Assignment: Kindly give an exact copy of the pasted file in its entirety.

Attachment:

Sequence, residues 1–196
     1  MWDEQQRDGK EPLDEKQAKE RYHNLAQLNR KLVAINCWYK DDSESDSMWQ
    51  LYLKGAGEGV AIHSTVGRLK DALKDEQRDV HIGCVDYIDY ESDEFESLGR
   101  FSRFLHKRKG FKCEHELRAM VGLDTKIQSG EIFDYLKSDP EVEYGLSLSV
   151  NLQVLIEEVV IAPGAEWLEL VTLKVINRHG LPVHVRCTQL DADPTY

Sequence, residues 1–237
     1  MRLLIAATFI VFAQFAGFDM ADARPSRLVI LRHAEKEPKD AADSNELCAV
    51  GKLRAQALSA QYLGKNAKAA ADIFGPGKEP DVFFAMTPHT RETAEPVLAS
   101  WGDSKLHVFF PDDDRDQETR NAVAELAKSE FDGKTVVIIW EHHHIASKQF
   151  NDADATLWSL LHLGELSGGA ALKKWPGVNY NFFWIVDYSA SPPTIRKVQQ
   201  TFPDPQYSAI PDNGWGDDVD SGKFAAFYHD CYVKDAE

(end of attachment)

Sequence, residues 1–196
     1  MWDEQQRDGK EPLDEKQAKE RYHNLAQLNR KLVAINCWYK DDSESDSMWQ
    51  LYLKGAGEGV AIHSTVGRLK DALKDEQRDV HIGCVDYIDY ESDEFESLGR
   101  FSRFLHKRKG FKCEHELRAM VGLDTKIQSG EIFDYLKSDP EVEYGLSLSV
   151  NLQVLIEEVV IAPGAEWLEL VTLKVINRHG LPVHVRCTQL DADPTY

Sequence, residues 1–237
     1  MRLLIAATFI VFAQFAGFDM ADARPSRLVI LRHAEKEPKD AADSNELCAV
    51  GKLRAQALSA QYLGKNAKAA ADIFGPGKEP DVFFAMTPHT RETAEPVLAS
   101  WGDSKLHVFF PDDDRDQETR NAVAELAKSE FDGKTVVIIW EHHHIASKQF
   151  NDADATLWSL LHLGELSGGA ALKKWPGVNY NFFWIVDYSA SPPTIRKVQQ
   201  TFPDPQYSAI PDNGWGDDVD SGKFAAFYHD CYVKDAE